New Direction

The political party that launched black majority rule in South Africa under Nelson Mandela is choosing a new leader to succeed President Jacob Zuma on Monday.

It’s a pivotal election for the African National Congress (ANC), which has been dogged by scandal and graft accusations under Zuma, Reuters reported. Due to the historical dominance of the ANC, the winner is expected to become the country’s next president after elections in 2019.

The vote was delayed, but nearly 5,000 delegates began voting around midnight after the field of candidates was narrowed to pit Deputy President Cyril Ramaphosa, 65, against his Zuma’s ex-wife Nkosazana Dlamini-Zuma, 68.

Playing to the party’s past strengths, Dlamini-Zuma – whom Zuma is backing – pledged to tackle the racial inequality that persists despite the end of white minority rule. Ramaphosa vowed to fight graft and jumpstart the economy – a message that appealed to foreign investors.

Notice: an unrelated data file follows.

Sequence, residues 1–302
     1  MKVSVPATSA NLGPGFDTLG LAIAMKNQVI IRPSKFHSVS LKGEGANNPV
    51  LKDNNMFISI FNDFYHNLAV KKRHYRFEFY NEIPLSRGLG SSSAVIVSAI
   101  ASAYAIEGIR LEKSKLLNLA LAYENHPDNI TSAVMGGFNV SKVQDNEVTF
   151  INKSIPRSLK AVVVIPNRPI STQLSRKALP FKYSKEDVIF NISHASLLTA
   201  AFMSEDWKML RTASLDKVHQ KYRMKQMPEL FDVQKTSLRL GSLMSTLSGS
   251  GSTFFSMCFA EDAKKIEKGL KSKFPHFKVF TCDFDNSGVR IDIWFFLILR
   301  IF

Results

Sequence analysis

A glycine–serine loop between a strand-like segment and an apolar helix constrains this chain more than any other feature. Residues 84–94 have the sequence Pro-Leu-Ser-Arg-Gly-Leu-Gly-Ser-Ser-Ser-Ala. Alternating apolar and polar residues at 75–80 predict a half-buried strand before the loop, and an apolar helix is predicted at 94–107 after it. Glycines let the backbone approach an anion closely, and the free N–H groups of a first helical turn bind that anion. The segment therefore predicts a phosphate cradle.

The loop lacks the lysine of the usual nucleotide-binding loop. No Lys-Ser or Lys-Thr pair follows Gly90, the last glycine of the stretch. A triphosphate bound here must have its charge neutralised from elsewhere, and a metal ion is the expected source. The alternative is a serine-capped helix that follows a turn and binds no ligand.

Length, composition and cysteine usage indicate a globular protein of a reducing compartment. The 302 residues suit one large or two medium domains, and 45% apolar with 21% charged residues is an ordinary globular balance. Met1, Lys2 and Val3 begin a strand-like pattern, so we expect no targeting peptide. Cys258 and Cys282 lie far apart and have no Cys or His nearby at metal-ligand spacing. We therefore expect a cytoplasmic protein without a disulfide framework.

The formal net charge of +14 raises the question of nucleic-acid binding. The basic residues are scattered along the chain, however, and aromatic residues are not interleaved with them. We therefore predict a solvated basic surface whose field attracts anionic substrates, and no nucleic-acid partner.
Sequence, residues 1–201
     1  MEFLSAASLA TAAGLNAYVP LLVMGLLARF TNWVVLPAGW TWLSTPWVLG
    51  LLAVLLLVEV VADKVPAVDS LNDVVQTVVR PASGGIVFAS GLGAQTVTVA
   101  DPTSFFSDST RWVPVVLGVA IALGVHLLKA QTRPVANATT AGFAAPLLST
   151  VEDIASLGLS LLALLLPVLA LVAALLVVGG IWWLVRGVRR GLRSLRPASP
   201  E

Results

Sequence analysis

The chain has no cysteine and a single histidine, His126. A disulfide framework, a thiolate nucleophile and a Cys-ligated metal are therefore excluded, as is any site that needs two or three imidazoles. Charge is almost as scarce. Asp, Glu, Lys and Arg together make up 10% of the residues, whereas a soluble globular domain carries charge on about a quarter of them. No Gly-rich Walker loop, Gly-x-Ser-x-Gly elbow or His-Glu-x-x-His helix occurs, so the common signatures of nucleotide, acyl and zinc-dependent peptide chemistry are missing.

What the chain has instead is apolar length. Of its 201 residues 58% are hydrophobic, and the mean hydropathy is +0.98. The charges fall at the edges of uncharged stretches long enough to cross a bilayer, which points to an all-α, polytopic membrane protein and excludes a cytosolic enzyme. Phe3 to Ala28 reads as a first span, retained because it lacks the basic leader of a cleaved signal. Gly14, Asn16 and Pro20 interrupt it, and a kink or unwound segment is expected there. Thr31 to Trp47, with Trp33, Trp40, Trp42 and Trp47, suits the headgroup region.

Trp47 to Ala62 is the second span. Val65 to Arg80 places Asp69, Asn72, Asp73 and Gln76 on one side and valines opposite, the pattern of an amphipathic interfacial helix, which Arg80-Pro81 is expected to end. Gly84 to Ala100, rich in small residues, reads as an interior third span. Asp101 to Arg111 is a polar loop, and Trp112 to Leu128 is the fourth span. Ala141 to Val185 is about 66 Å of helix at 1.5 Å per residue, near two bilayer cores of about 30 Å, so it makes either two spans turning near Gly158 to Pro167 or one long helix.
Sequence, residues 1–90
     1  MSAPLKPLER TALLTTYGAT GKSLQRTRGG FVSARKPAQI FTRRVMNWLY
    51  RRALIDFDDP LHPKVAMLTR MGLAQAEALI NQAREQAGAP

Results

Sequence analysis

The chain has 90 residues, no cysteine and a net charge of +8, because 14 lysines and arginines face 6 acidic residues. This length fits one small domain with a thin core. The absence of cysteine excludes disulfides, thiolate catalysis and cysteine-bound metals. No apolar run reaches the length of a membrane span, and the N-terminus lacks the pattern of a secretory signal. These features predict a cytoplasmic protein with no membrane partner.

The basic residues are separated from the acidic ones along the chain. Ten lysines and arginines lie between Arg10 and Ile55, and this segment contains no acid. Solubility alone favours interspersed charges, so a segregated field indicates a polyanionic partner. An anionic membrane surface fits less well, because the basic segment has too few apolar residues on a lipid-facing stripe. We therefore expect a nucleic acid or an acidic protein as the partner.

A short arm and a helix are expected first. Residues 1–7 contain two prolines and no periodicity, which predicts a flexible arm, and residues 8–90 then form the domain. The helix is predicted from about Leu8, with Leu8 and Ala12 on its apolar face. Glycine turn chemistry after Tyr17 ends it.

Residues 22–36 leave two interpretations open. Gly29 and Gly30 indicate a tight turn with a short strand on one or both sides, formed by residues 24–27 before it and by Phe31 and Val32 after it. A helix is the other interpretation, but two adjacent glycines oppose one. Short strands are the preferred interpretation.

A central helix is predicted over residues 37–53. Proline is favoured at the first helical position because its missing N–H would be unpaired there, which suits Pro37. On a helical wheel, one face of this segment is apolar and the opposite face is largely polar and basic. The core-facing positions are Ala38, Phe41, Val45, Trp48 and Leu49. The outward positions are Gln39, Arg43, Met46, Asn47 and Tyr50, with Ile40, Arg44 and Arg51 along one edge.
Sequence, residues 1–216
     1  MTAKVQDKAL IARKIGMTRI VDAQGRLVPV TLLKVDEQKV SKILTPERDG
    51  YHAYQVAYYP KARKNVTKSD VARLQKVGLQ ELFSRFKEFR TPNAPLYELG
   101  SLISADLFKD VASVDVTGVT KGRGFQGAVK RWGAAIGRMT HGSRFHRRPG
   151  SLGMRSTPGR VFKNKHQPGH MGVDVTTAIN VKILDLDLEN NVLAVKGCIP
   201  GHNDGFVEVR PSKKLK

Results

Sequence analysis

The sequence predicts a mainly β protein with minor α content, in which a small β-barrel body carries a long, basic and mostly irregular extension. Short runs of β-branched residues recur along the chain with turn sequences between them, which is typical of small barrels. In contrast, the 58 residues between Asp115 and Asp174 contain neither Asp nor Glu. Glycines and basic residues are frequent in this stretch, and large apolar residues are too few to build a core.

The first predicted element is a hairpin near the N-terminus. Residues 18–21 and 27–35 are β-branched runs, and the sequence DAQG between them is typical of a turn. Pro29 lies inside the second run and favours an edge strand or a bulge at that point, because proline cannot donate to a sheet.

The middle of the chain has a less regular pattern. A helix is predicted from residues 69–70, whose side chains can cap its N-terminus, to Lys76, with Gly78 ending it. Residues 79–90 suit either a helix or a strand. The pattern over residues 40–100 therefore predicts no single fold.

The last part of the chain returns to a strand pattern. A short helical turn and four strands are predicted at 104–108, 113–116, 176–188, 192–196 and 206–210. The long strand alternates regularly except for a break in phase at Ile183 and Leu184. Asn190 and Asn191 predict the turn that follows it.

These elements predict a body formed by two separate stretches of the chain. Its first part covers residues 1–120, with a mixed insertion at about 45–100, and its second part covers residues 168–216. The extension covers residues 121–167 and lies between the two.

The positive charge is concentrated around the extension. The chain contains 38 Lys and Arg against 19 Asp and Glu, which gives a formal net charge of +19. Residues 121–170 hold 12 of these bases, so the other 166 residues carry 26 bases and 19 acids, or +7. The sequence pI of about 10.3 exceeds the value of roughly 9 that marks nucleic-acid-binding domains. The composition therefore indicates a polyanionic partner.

Zuma narrowly survived a no-confidence vote in August, and has been accused of tarnishing the party’s legacy and doling out state contracts to his friends in the powerful Gupta family.


Freedom and Choco Pies

While escaping to the more democratic South, Oh Chung-sung, a soldier from North Korea, was shot 40 times by his nation’s border guards. Luckily, he survived and was airlifted to a South Korean hospital.

After waking up from his injuries, the 24-year-old had a simple request that followed his desire to remain in the south: a Choco Pie, a South Korean snack of small chocolate-covered cakes filled with marshmallow cream.

Upon learning about his request, Orion, the company that produces the snack, offered the former soldier a lifetime supply of Choco Pies, Quartz reported.

For Oh, and many North Koreans, the Choco Pie represents a symbol of prosperity and proof of a better life on the other side, despite the North’s propaganda of being the “true Korea.”

Whereas South Koreans got their first bite of Choco Pies in 1974, it wasn’t until three decades later when people in the North got a taste – although the pies were only sold in the black market.

To combat contraband, the North government created their own knock-off but it couldn’t match the taste of the original product – or its symbolism.